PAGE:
German Federal Patent Court confirms broad protection of company and trade names against trade marks in Germany
Kluwer Trademark Blog
April 12, 2018
Please refer to this post as:, ‘German Federal Patent Court confirms broad protection of company and trade names against trade marks in Germany’, Kluwer Trademark Blog, April 12 2018, http://trademarkblog.kluweriplaw.com/2018/04/12/german-federal-patent-court-confirms-broad-protection-company-trade-names-trade-marks-germany/
In Germany, an opposition against a German trade mark can be based not only on a trade mark but also on a company name or trade name. In brief, under German law, a company name is the official name or designation of a trader or an undertaking including a catch word, for example “Mc Donald’s Deutschland LLC” (full company name) and “Mc Donald’s” (catch word). A trade name is the commercial name (e. g. shop signs for stationary shops) that identifies a particular business activity, which may differ from or coincide with the company name and/or the company’s main business, for example the “Mc Café” coffee bars being run by Mc Donald’s. Both foreign company and trade names can enjoy the same scope of protection as domestic company and trade names, if they are sufficiently used in Germany, see Art. 8 of the Paris Convention.
The German Federal Patent Court (Bundespatentgericht) decided on 16 January 2018 on such an opposition (28 W (pat) 7/16) and emphasized that the owner of a company name can take broad action against use of a colliding trade mark by a third party (for the opposition to be successful, the opponent had to show that he was entitled to prevent the applicant from using the contested trade mark, assuming a possible or hypothetical use of that trade mark, pursuant to section 42 (2) no. 4 of the German Trade Mark Act). The applicant filed a German trade mark for goods of class 7, 8 and 11, amongst others machine tools, packing machines and construction machines, as depicted below:
The opponent lodged an opposition based on its German company name “eberth”. The Opposition Division rejected the opposition because the opponent had failed to demonstrate the existence of such a right. The Federal Patent Court, on appeal, granted the opposition against “packing machines”. The Court found that the opponent is the owner of a senior company name “eberth” in Germany, related to the trade of manufacture and distribution of stationary transport- and packaging machines. It proved crucial for the opponent that he submitted invoices during the appeal proceedings, showing signs with the designation “eberth” in the letter head. He had failed to do so during the first instance proceedings.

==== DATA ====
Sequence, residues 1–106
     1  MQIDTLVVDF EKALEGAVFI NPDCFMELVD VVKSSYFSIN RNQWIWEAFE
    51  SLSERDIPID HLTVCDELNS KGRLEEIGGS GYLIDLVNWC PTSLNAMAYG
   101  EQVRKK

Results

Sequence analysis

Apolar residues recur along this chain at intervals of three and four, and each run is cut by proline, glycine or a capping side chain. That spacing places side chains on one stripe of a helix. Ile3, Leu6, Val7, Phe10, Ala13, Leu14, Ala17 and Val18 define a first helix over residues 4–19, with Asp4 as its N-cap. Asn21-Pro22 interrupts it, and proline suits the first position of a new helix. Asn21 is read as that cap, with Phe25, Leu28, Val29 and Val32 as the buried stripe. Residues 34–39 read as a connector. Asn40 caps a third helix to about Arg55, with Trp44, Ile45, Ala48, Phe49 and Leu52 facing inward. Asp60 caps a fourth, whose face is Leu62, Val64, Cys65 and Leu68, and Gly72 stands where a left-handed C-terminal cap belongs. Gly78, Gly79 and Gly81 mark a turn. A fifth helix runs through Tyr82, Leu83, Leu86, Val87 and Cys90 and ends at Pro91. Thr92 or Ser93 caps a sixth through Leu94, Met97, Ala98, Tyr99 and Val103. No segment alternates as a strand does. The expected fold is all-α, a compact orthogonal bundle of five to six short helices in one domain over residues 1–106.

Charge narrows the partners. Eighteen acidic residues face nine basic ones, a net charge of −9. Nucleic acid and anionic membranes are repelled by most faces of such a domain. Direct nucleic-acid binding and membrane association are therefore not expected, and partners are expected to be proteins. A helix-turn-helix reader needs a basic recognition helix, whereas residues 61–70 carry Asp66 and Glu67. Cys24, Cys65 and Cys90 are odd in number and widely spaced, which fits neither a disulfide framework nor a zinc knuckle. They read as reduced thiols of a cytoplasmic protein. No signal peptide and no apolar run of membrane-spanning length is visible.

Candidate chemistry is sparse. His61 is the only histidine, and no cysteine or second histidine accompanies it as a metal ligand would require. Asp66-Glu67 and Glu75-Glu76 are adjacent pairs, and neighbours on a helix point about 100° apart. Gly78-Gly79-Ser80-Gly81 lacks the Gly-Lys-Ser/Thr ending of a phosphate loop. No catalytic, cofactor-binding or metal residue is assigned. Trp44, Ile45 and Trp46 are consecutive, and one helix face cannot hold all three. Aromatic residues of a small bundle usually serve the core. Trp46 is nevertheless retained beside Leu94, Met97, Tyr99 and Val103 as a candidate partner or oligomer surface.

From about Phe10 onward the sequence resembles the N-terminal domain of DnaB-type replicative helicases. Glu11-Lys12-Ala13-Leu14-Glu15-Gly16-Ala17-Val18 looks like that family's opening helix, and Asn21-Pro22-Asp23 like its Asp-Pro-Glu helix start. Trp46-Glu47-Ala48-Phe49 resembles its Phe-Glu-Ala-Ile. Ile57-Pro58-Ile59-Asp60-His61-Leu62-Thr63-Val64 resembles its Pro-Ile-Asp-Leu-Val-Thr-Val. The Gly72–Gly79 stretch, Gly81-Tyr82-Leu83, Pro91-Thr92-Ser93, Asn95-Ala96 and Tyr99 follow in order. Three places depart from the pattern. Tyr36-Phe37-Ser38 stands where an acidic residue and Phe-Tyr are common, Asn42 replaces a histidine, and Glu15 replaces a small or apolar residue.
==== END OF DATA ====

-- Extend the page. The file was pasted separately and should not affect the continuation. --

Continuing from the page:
The Court held that not only the owner of a senior trade mark but also the owner of a senior company name can take action against the (possible) use of a trade mark by a third party, even if the infringing sign is being used exclusively as a trade mark but not as a company name. The situation can be more complicated vice versa, if the owner of a senior trade mark takes action against use of a sign as a company or trade name, as Recital 19 of the Trade Marks Directive 2015/2436 provides that the trade mark owner can only take action against use of the sign as a company or trade name as long as the use has been made for the purposes of distinguishing goods or services (for EU trade marks see the equivalent provision in Recital 13 EUTMR).
In summary, an opposition or a court action based on a domestic or foreign company name or trade name is a powerful tool in Germany and can be more effective than an attack based on a senior trade mark. In particular
- (i) the opponent or plaintiff only needs to show a certain extent of use of its company or trade name in Germany to gain protection, which does not need to meet the strict criteria for genuine use of a trade mark let alone the recognition levels for an unregistered trade mark under German law;
- (ii) the protection of a company or trade name does not depend on formal requirements such as commercial register entries;
- (iii) both the full company name and the catch word of an undertaking can be protected at the same time, which broadens the scope of protection;
- (iv) the courts tend to assess the similarity of goods and services between a company or trade name and a trade mark more broadly and flexibly than in pure trade mark cases;
- (v) the owner of a senior company or trade name can take action against use of a sign as a company or trade name more effectively, compared to an attack based on a senior trade mark.